On the 5th November GHRD commenced its 2013 EU Lobby tour with a specialist conference at the European Parliament in Brussels, entitled 'The impact of Trade and Good Governance on Human Rights in Pakistan and Bangladesh'. This event featured esteemed human rights defenders and specialists in the field of human rights in Pakistan and Bangladesh, and was attended by representatives from a range of organizations and members of the public.
The conference was opened by Ranjeev Gowri, treasurer and member of the board, and introduced by the moderator, Dr Siegfried Woolf. Dr Woolf, Director of Research at the South Asia Democratic Forum, commenced the event with an introduction to the abuse of Pakistan's Blasphemy Laws and the impossible conditions it creates for religious minorities.
The first speaker, Mr. Rehman, senior journalist and Secretary General of the Human Rights Commission of Pakistan, described Pakistan as still fighting a battle started in the fifties, stating that this is a critical point in governmental transition. Mr Rehman identified the country's deficit and the increasing number of people living below the poverty line as two related threats to the protection and promotion of human rights in Pakistan. He suggested a direct correlation between economic slowdown and military interference and suffering of minorities, remarking that the world was not hesitant to provide arms to Pakistan. He further stated that the democratic process is an ongoing one: extremism in the name of Islam is active, persecution of minorities is inherent, and it is difficult to maintain the functional relationship with India integral to the economic development of Pakistan.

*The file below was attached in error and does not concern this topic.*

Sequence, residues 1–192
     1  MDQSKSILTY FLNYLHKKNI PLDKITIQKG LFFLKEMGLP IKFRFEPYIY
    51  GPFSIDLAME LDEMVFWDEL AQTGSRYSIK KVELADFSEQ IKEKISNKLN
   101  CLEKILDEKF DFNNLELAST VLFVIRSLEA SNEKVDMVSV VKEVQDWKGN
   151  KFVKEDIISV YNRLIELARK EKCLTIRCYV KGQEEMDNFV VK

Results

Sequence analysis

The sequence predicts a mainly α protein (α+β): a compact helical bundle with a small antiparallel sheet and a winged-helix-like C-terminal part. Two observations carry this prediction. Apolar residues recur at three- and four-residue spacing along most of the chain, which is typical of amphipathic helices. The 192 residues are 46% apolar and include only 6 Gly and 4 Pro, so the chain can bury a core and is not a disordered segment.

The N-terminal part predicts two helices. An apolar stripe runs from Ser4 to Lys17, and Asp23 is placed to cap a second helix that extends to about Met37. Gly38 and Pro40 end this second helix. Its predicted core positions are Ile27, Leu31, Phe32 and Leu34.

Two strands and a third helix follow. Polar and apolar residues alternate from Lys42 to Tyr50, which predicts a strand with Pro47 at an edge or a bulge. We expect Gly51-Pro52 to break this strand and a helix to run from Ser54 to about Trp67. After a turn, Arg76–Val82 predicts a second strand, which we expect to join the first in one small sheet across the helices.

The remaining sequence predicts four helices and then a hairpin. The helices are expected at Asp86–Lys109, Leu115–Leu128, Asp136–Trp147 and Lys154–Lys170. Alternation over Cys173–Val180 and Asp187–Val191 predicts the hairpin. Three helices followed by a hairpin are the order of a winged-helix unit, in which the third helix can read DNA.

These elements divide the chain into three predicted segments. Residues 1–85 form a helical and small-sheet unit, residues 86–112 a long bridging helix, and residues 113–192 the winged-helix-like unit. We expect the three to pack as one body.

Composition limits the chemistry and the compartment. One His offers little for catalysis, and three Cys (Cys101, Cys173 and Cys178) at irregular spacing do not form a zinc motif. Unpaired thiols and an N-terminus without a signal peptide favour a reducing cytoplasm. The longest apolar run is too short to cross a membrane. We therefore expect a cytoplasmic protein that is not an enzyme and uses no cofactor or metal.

Ms Sameena Imtiaz, the Founder and Executive Director of Peace Education and Development Foundation (PEAD), was the second speaker on Pakistan. Again Ms Imtiaz identified endemic problems beleaguering the country: massive illiteracy, corruption, near absence of rule of law. The themes of militancy and radicalization from Mr Rehman's speech reappeared, and Ms Imtiaz mentions that this is the first time for Pakistan to transition from one democratic government to another democratic government without military intervention. Despite this, she continued, religious minorities are discriminated against in both law and policy: Ahmadiyyas are unrepresented and not discussed, have limited freedom and by law cannot even claim themselves as Muslims.
The second half of the conference concentrated on Bangladesh, and featured the Head of Policy Advocacy and Communication from the Bandhu Social Welfare society; Mr Rahmat Ullah addressed various issues faced by sexual minorities and underlined the importance of government initiatives to promote good governance and protect vulnerable groups. He stated that Bangladesh has a critical view on LGBT rights due to its strong conservative values, reflected in government policies. These create a difficult environment for sexual minorities and prevent them from exercising their basic rights and fundamental freedoms. Mr Rahmat Ullah stressed the importance of enacting anti-discrimination law and promoting acceptance of sexual, religious and ethnic minorities. The Bangladeshi government recognized the existence of LGBT communities during the 16th session of the Universal Periodic Review (29th April, 2013), but has yet to decriminalize consensual same-sex sexual activities.